Discussions That Work
Task-centred Fluency Practice (Cambridge Handbooks for Language Teachers)
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|Format:||Paperback / softback, 128 pages|
|Other Information: ||illustrations, bibliography, index|
|Published In: ||United Kingdom, 30 January 1981|
How can you make a discussion really work? What sort of activities produce genuine and enthusiastic exchanges of ideas? How can you prepare such exercises quickly and easily? These are some of the questions that Discussions that Work sets out to answer. The first part provides some general guidelines on the organisation of successful task-centred activities. The second part consists of some fifty practical examples which have been tried and found effective in the classroom. They range from fairly simple to complex and sophisticated, and can thus be used with a wide range of learners, from elementary to the most advanced, in both secondary and adult education.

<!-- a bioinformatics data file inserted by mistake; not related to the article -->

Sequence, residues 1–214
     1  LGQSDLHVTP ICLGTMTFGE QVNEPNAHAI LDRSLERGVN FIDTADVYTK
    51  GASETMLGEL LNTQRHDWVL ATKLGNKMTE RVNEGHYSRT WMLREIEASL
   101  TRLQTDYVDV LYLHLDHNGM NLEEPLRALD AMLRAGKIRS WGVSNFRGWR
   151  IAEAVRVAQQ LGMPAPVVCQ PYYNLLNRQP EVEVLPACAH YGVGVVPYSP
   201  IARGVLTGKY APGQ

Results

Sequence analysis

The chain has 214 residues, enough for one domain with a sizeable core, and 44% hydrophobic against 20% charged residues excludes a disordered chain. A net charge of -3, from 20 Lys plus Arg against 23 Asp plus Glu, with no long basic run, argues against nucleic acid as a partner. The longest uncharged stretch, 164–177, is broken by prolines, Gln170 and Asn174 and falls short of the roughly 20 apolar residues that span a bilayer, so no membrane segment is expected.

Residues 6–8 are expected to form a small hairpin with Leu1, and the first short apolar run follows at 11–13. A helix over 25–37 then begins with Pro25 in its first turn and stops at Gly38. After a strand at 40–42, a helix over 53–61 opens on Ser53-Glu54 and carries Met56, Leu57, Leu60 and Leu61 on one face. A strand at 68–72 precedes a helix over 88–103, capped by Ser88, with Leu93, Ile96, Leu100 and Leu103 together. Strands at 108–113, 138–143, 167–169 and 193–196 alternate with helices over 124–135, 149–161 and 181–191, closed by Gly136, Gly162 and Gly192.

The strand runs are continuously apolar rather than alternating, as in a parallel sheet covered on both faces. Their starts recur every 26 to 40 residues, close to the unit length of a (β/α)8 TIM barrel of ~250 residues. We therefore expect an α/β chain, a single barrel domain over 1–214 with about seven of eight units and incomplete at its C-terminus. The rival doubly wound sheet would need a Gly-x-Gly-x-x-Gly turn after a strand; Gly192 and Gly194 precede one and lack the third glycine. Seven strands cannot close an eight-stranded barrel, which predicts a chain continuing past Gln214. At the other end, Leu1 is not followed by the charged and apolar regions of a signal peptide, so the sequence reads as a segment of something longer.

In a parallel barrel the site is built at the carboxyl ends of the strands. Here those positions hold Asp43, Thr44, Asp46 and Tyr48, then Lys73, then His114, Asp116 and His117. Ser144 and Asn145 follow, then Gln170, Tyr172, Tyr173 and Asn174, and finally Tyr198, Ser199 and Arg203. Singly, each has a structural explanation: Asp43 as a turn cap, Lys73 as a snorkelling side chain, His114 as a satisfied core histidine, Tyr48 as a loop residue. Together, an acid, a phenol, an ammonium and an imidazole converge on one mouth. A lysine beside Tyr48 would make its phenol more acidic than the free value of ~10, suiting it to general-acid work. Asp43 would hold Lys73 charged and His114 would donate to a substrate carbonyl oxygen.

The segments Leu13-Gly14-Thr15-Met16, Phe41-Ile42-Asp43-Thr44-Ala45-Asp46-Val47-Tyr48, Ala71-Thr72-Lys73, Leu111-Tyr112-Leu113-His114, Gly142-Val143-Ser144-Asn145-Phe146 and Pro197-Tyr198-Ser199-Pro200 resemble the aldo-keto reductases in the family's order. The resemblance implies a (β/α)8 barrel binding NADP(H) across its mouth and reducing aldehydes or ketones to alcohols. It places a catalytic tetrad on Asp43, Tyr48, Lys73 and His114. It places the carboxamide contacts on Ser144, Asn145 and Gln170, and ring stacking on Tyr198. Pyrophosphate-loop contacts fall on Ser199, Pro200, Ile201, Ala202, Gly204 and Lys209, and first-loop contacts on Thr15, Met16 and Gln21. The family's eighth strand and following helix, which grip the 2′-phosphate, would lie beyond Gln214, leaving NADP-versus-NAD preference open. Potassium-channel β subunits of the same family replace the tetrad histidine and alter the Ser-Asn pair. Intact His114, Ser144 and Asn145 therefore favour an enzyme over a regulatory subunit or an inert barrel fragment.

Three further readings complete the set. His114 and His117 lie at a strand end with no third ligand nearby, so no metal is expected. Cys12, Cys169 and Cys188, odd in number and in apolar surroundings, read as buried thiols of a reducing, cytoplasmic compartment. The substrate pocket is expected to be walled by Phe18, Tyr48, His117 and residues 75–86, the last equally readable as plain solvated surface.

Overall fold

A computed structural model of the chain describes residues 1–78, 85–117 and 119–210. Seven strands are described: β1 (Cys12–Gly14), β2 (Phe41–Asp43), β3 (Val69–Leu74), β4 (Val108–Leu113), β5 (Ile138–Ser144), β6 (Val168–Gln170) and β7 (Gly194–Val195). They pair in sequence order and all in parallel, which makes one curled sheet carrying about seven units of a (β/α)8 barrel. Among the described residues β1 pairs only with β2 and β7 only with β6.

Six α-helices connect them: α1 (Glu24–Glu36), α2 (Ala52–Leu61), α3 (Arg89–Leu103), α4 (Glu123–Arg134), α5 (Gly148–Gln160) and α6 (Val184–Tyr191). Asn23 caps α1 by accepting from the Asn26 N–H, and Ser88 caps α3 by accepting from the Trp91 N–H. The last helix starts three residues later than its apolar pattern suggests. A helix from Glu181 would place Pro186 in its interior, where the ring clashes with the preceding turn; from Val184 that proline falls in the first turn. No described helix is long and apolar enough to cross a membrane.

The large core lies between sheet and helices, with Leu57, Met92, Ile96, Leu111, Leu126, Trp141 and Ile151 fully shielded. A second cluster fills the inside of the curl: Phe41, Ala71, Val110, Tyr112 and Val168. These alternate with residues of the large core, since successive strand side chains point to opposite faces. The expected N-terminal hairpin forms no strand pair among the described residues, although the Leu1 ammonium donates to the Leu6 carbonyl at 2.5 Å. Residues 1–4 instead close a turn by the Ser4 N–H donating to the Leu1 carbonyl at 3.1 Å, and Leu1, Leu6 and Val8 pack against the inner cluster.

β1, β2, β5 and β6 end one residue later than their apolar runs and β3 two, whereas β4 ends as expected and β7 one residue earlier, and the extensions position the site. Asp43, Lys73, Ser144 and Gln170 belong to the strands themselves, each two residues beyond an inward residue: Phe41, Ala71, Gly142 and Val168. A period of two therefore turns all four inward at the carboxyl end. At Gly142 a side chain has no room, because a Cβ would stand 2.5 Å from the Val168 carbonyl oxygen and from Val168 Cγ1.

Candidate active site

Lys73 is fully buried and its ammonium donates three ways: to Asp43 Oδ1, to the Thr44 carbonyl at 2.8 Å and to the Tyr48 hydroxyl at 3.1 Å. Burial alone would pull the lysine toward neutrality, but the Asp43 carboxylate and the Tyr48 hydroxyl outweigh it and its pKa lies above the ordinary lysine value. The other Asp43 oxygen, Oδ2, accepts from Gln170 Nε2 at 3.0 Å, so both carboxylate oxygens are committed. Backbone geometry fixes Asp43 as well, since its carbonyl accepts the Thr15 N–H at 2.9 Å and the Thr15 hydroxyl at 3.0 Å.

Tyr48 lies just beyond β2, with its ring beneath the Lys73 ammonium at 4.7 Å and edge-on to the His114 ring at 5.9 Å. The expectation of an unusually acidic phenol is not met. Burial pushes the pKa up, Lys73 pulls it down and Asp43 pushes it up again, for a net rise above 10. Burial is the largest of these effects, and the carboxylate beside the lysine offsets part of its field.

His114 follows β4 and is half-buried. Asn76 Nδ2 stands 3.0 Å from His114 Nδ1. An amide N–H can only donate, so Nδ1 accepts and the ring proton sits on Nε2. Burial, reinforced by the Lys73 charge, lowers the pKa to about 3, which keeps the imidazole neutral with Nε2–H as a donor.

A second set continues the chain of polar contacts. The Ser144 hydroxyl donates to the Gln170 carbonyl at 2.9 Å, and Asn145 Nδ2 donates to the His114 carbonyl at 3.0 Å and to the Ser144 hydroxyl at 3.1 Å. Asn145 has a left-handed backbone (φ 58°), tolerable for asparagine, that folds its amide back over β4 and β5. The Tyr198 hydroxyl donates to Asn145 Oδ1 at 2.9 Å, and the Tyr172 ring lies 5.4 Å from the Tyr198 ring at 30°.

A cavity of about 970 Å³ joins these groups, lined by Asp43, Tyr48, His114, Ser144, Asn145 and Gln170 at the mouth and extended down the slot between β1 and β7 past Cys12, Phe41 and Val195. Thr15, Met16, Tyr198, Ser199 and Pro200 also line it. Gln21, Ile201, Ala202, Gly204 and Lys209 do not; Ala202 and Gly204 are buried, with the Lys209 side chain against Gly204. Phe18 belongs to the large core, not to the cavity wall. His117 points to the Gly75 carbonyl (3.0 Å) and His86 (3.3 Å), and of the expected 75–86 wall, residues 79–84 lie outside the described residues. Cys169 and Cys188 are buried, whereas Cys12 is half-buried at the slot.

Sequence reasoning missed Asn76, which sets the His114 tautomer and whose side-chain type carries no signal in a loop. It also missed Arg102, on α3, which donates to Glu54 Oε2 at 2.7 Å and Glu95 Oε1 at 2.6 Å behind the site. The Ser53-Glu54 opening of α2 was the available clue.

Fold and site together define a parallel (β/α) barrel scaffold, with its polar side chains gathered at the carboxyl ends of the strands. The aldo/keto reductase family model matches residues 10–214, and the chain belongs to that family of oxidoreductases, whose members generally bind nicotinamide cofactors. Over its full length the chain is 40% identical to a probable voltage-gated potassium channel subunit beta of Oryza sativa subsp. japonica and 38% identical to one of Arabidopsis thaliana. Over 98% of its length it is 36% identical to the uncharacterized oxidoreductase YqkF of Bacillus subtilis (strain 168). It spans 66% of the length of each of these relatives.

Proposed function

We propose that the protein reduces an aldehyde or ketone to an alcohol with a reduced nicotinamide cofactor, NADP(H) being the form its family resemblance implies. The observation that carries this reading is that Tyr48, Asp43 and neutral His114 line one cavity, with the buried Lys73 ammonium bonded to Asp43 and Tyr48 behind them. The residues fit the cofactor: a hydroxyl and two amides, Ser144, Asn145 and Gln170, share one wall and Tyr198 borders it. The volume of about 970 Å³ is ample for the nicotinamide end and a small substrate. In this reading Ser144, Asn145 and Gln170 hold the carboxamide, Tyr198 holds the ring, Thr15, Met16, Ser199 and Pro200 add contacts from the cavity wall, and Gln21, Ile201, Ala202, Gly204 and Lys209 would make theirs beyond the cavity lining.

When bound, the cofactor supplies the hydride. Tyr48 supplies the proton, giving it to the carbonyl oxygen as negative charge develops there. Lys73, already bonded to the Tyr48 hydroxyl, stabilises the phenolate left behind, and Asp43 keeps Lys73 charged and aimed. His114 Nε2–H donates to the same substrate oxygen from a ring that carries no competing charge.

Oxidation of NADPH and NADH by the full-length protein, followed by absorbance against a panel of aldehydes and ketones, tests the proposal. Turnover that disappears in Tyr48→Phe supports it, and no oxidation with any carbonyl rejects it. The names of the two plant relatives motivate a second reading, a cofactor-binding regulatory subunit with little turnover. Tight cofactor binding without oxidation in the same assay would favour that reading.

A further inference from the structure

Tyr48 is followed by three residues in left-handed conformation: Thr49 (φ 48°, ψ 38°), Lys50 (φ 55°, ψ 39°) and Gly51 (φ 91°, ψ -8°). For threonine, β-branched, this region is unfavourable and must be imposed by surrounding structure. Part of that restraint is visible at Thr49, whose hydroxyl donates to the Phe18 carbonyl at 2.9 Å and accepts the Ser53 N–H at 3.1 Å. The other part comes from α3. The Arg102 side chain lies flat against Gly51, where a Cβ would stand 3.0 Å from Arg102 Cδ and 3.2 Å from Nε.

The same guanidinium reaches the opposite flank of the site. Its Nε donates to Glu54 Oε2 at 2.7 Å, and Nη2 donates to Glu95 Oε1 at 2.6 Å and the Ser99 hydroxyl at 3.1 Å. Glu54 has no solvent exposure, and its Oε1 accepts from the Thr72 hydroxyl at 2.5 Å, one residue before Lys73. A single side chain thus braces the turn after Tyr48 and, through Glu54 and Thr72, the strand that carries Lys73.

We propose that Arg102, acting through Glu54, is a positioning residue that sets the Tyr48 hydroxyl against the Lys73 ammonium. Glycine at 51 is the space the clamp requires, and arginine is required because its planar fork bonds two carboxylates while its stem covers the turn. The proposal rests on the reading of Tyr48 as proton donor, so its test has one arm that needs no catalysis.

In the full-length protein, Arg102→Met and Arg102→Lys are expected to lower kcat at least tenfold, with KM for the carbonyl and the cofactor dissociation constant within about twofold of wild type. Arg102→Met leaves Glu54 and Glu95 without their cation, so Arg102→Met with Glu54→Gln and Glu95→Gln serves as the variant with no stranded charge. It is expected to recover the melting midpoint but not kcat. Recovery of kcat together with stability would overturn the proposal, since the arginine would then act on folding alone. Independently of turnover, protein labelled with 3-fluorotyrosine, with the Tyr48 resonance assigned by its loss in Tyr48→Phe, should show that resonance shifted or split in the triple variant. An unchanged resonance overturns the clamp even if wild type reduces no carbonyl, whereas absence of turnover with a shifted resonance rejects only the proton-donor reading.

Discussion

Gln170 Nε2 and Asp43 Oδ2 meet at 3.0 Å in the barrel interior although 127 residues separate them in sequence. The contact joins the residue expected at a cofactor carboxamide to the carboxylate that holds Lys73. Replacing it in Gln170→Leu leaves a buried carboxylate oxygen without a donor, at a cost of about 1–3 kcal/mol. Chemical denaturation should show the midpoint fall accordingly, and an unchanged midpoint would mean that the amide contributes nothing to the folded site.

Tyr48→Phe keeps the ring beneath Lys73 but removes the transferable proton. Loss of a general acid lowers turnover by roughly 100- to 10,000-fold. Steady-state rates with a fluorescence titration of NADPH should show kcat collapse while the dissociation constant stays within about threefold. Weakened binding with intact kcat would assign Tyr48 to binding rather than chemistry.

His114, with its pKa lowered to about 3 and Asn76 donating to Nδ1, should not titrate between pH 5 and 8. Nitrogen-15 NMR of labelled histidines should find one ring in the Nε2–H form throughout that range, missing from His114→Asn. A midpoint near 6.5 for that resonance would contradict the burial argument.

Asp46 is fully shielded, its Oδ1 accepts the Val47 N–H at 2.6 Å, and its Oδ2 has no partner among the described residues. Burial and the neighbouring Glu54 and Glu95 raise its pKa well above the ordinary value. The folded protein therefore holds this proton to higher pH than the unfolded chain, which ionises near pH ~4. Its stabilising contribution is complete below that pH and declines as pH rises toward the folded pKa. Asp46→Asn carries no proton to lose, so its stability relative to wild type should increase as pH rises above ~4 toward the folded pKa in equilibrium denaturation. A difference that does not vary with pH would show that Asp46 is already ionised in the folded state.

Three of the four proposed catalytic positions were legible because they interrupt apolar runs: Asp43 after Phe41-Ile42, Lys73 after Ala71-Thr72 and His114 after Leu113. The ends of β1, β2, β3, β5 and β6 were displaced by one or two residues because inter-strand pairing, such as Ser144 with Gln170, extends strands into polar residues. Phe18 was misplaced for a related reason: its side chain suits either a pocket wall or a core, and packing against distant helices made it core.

Table of Contents
Preface; Part I. General Principles: 1. What is a discussion?; 2. Some factors in a good discussion: topic, group-work, role-play; 3. Giving the discussion a purpose: the task; 4. Organization; Part II. Practical Examples: 5. Introduction; 6. Brainstorming activities; 7. Organizing activities; 8. Compound activities; Bibliography; Index.
'Penny Ur writes lucidly and sensibly, emphasizing that in the classroom why you need to talk about something is more important than what you should talk about.' Donald Hawes, The Times Educational Supplement ' ... has a wealth of practical ideas which can be used in the classroom tomorrow.' Wendy Scott, Practical English Teaching
|Publisher: ||Cambridge University Press|
|Dimensions: ||22.73 x 15.19 x 0.81 centimeters (0.22 kg)|